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NEW YORK -- Chicago Cubs third baseman Ian Stewart is serving a 10-game suspension without pay for violating the loyalty clause in his contract, according to a team official. The 10-game suspension, which came after he ranted on Twitter on Monday about his status within the organization, began Wednesday.
Stewart was answering questions from fans online late Monday and was asked whether he would return to the Cubs soon. He responded "probably never" before following up with: "I said that be because the cubs are done With me....there (sic) going to let me Rott (sic) in AAA all season and then non tender me after."
He later added: "I meant they might as Well release since I have no shot of a call up....let me Sign elsewhere."
Stewart also tweeted that he didn't expect to return to Chicago because he believes Cubs manager Dale Sveum doesn't like him and he makes the calls. Sveum disagreed with that notion Tuesday.
"I was all on board bringing him back and giving him another chance to prove what he could do at the big league level and with the Cubs, and obviously it didn't work out," Sveum said, according to CSNChicago.com.
Stewart, 28, was traded to the Cubs in 2011 and re-signed with the team this offseason. Last year, Stewart hit .201 with a .292 on-base percentage while hitting five homers and driving in 17 runs. He was limited to just 55 games because of a wrist injury, and staying healthy has been problematic. He was slowed down during spring training by a left quad injury this year, keeping him off the Opening Day roster. After a rehab window closed in May, the team chose not to promote Stewart and instead optioned him to Triple-A. Stewart is hitting .168 with five homers and 20 RBIs in Triple-A.
Cubs president of baseball operations Theo Epstein said Tuesday the two sides are talking about working out a way for Stewart to leave the team while giving the Cubs salary relief. Stewart has a one-year, $2 million deal.
Epstein also said Stewart had his chance to be a free agent and the team has received great production thus far at the hot corner.
"He had the right to elect free agency and he chose not to," Epstein said earlier this week in reference to Stewart having that option after the team didn't promote him following the rehab stint. "Currently, we have the second-best production out of third base in the league. We are getting really good defense at third base, too.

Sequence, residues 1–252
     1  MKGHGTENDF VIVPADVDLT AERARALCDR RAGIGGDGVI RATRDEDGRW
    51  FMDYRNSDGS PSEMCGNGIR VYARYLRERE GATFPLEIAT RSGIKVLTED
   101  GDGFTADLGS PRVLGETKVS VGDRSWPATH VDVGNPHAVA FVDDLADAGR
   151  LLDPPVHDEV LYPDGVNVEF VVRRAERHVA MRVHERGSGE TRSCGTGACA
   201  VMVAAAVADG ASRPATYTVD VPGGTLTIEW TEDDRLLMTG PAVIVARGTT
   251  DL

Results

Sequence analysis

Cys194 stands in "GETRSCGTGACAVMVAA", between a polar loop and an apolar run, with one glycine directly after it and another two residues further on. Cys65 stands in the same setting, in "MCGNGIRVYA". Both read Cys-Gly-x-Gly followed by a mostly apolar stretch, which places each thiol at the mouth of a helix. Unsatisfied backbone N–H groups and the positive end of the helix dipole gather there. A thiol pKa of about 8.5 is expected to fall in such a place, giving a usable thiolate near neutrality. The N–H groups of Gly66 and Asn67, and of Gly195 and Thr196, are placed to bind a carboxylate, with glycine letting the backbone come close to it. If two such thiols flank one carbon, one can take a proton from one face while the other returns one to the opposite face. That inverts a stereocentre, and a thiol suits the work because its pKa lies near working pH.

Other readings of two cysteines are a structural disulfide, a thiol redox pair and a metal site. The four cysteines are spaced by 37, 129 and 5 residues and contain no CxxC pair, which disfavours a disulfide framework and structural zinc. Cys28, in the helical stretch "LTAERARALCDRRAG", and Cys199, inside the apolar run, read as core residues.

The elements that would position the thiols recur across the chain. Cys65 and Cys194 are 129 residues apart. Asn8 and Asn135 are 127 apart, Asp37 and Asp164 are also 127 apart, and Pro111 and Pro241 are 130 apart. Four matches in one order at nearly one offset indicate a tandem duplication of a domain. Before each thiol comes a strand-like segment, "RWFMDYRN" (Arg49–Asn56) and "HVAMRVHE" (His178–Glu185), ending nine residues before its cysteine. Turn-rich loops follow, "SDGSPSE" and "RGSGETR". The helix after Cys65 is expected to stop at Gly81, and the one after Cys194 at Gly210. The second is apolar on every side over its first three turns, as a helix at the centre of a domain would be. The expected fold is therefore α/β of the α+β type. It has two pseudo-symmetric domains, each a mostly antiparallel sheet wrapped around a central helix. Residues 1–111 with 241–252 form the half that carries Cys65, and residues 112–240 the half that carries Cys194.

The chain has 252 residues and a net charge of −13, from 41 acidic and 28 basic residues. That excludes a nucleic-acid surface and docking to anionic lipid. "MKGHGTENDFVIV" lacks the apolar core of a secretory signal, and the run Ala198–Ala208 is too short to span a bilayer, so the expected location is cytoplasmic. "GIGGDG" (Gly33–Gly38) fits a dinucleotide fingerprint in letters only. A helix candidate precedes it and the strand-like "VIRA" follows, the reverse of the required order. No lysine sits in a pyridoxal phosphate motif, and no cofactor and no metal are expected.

"If that were to change and Ian would excel at the Triple-A level, we would consider calling him back up here. In the meantime, we are very happy with our production at third and Ian is working on trying to figure out Triple-A pitching."
Stewart's agent, Larry Reynolds, issued a statement saying he believes it would work out best if the Cubs were to release Stewart. Stewart tweeted that he wouldn't just ask for his release, writing: "why would I quit? I'm making 2 mill in AAA like u would give that up by quitting."
"I have spoken to both Ian and Theo regarding Ian's tweets last night. Ian is very apologetic for venting his frustrations with his situation in that manner," Reynolds said in the statement. "He has apologized to the Cubs organization and does not want to be a further distraction. With that being said, if the Cubs don't have Ian in their plans, I feel it is in the best interests of both parties for the Cubs to release him and end this relationship."
The Cubs have used five players at third base this season, with Luis Valbuena making the majority of the starts, including Friday's series opener against the Mets. Valbuena is hitting .235 with six homers and 18 RBIs this year. Cody Ransom, Brent Lillibridge, Steve Clevenger and Alberto Gonzalez have also started games at third for the Cubs.
Stewart, a career .232 hitter, has since apologized for his tweets.
"I let my frustrations get the best of me and in no way want to be a distraction," he tweeted.